To Wilson Cary Nicholas
Monticello Sep. 5. 99.
Your’s of Aug. 30. 99. came duly to hand. it was with great regret we gave up the hope of seeing you here, but could not but consider the obstacle as legitimate. I had written to mr M. as I had before informed you, and had stated to him some general ideas for consideration & consultation when we should meet. I thought something essentially necessary to be said in order to avoid the inference of acquiescence. that a resolution or declaration should be passed 1. answering the reasonings of such of the states as have ventured into the field of reason, & that of the Committee of Congress, taking some notice too of those states who have either not answered at all, or answered without reasoning. 2. making firm protestation against the precedent & principle, & reserving the right to make this palpable violation of the federal compact the ground of doing in future whatever we might now rightfully do, should repetitions of these and other violations of the compact render it expedient. 3. expressing in affectionate & conciliatory language our warm attachment to union with our sister states & to the instrument & principles by which we are united, that we are willing to sacrifice to this every thing but the rights of self government in those important points which we have never yielded & in which alone we see liberty, safety & happiness; that not at all disposed to make every measure of error or of wrong a cause of scission we are willing to look on1 with indulgence & to wait with patience till those passions & delusions shall have passed over which the federal government have artfully excited to cover it’s own abuses & conceal it’s designs, fully confident that the good sense of the American people, and their attachment to those very rights which we are now vindicating, will before it shall be too late rally with us round the true principles of our federal compact.—this was only meant to give a general idea of the complexion & topics of such an instrument. mr M. who came as had been proposed, does not concur in the reservation proposed above; and from this I recede readily, not only in deference to his judgment, but because, as we should never think of separation but for repeated and enormous violations so these, when they occur, will be cause enough of themselves. to these topics however should be added animadversions on the new pretensions to a common law of the US. I proposed to mr M. to write to you; but he observed that you knew his sentiments so perfectly from a former conference, that it was unnecessary. as to the preparing any thing, I must decline it, to avoid suspicions (which were pretty strong in some quarters on the last occasion) and because there remains still (after their late loss) a mass of talents in Kentucky sufficient for every purpose. the only object of the present communications is to procure a concert in the general plan of action. besides, how could you better while away the road from hence to Kentucky than in meditating this very subject and preparing something yourself, than whom nobody will do it better. the loss of your brother and the visit of the apostle Marshal to Kentucky excite anxiety. however we doubt not that his poisons will be effectually counter-worked. wishing you a pleasant journey & happy return I am with great and sincere esteem Dear Sir Your affectionate friend & servt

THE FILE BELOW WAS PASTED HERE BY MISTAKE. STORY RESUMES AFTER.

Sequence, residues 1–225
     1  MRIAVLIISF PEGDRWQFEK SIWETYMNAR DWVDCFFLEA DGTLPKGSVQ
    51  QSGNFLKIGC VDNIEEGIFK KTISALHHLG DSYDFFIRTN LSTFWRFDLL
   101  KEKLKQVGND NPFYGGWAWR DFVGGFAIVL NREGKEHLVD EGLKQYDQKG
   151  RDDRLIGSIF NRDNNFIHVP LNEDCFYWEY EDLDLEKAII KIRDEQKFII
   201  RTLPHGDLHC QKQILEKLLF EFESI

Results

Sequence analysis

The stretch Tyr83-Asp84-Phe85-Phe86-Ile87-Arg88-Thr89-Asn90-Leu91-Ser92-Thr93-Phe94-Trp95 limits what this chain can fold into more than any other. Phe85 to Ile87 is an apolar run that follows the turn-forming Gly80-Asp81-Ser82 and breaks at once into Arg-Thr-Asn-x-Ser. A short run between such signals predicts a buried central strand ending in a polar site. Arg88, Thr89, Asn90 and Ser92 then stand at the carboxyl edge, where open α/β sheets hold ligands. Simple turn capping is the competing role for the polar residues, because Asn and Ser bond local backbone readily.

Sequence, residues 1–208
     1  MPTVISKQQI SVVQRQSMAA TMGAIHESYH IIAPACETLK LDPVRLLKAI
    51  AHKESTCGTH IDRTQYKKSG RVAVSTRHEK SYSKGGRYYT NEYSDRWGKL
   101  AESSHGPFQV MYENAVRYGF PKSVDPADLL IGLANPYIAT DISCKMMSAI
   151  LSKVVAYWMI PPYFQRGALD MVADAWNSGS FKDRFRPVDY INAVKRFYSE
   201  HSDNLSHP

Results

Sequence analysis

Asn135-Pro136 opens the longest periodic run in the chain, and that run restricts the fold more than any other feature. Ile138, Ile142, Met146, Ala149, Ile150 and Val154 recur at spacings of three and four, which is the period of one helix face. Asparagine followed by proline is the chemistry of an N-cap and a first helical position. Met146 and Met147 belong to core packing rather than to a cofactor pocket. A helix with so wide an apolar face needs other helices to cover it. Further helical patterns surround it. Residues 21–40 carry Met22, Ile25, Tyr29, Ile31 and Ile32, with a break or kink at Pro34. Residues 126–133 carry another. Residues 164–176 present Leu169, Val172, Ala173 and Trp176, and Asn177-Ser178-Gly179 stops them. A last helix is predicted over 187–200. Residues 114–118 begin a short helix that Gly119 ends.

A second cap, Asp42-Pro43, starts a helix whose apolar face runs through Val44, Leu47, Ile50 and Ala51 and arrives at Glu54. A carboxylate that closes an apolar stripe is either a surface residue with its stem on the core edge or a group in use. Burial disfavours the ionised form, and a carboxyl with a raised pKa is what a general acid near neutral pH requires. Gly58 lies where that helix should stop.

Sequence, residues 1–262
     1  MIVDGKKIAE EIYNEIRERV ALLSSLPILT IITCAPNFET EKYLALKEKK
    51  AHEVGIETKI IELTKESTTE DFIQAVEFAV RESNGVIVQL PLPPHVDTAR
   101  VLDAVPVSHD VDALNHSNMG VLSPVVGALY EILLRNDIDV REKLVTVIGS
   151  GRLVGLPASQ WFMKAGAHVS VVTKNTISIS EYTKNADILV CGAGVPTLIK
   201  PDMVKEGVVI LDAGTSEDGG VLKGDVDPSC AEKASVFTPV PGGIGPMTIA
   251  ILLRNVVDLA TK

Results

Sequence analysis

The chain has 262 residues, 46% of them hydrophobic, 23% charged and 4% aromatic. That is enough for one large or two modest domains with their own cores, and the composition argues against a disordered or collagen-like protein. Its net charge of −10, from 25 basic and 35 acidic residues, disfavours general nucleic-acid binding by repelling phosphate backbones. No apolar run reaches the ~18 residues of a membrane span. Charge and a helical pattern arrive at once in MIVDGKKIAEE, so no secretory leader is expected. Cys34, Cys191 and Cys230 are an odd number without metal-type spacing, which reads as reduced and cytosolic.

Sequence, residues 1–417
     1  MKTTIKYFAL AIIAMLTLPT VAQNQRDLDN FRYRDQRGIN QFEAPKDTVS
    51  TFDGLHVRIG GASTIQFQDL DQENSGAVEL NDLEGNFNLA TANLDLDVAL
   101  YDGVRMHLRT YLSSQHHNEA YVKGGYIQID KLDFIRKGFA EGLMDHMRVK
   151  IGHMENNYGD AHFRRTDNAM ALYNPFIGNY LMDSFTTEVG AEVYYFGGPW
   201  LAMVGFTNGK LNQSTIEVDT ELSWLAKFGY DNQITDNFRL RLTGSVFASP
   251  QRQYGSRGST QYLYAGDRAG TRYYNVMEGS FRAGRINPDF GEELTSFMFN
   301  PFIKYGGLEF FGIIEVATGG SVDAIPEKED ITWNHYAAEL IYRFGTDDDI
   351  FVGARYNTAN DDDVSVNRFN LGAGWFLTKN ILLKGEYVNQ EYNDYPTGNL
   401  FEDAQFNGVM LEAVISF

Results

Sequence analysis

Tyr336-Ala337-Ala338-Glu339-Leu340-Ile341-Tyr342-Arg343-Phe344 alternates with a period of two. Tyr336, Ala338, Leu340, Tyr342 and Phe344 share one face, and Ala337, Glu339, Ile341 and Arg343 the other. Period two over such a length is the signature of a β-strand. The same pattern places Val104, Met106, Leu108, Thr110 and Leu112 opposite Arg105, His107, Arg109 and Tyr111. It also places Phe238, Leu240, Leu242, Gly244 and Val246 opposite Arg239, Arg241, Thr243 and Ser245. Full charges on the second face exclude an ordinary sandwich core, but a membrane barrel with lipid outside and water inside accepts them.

RC (ViU: Edgehill-Randolph Papers); torn; addressed: “[…] Cary Nicholas Warren.” PrC (DLC).
Nicholas’s missive of 30 AUG., recorded in SJL as received on 2 Sep., has not been found.
Apostle Marshal: probably Kentucky Senator Humphrey Marshall.
1. Preceding two words interlined in place of “view.”